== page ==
Tag Fiction

Nothing to Remember

The sunset shrouded the bay in a mantle of gold. Ben scanned the horizon from his second-floor balcony and then leaned forward in his chair to gain a clearer view of his front yard. The jacaranda trees were in full bloom, their lush petals serving as a purple canopy for anyone strolling up the path to his house. As the maid was finishing her daily chores, she took special care to

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The Edge of Faith

I There are three reasons for a man to fall to his death from a cliff. It might be an accident, either brought on by a quirk of nature or human error. An unfortunate turn of events may have brought him to some precipice at a bad time – like a sudden rainstorm causing him to run for cover over a path that has abruptly been washed away. Perhaps he

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Reunion

She is immensely interested in him. She has even secret mischievous moments in which she wishes she could get him alone, on a desert island, away from all ties and with nobody else in the world to consider, and just drag him off his pedestal and see him making love like any common man. We all have private imaginations of that sort. But when it comes to business, to the

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The Invisible Knife

I “I want to know once and for all who did this to me!” hollered Hugh Jackson III, waving his stubbed hands dramatically for all to witness (and seeming to startle himself more than the rest of us). This was the climax of a speech he had prepared for me and the local policemen on the morning of my arrival in New Iberia. I had come to investigate a six-month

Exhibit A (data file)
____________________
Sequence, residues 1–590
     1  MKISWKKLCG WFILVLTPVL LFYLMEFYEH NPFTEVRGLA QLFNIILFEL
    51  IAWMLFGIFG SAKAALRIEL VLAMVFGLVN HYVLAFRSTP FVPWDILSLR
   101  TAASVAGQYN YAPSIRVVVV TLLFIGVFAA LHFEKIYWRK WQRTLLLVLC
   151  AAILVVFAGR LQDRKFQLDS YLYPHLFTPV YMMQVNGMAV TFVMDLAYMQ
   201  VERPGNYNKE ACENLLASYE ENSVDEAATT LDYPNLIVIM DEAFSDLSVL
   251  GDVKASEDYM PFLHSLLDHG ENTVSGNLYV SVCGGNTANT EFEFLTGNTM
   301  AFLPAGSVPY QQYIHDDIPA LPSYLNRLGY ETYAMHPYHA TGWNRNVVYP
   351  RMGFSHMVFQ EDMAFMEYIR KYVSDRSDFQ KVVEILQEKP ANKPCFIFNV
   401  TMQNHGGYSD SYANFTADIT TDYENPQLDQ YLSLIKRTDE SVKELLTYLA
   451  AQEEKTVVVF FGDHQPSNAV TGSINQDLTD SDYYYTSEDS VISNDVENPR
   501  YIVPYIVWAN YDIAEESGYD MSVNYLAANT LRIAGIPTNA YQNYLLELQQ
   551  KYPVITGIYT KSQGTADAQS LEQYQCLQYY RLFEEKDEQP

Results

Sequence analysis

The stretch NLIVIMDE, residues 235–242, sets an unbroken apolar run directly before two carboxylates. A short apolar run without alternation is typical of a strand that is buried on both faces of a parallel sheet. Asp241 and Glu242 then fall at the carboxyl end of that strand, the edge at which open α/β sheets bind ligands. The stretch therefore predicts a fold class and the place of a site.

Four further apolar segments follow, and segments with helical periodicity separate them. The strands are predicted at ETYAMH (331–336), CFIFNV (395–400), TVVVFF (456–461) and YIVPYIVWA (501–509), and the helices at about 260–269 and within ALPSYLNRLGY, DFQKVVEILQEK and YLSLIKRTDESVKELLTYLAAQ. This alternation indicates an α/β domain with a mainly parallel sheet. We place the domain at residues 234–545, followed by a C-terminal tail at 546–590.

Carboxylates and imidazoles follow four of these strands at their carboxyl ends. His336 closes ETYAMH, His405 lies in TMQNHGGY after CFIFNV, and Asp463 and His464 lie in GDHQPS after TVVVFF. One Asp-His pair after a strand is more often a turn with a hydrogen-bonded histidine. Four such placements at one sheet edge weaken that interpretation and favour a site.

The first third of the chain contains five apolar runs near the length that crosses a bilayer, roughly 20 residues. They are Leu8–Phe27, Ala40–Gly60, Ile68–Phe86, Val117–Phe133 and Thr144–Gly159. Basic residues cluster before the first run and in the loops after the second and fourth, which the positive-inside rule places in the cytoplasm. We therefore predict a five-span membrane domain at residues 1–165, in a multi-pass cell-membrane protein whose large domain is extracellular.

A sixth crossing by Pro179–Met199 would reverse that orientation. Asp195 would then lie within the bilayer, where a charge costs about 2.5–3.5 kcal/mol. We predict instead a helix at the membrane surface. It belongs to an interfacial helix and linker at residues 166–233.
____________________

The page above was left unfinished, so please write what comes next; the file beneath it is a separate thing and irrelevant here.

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Billy Buck and the Bear

I I came to the city of Gold Creek in early May as the fitful spring winds were settling into early summer. The morning air was rife with the smell of lilac and the sound of lunatic birds tweeting and whistling from the huge oaks and maples that lined the streets of the finer residential areas near the college.  Children played in the yards, dogs barked at anything and nothing,

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Happy Birthday, Charles Dickens

London. Michaelmas term lately over, and the Lord Chancellor sitting in Lincoln’s Inn Hall. Implacable November weather. As much mud in the streets as if the waters had but newly retired from the face of the earth, and it would not be wonderful to meet a Megalosaurus, forty feet long or so, waddling like an elephantine lizard up Holborn Hill. Smoke lowering down from chimney-pots, making a soft black drizzle,

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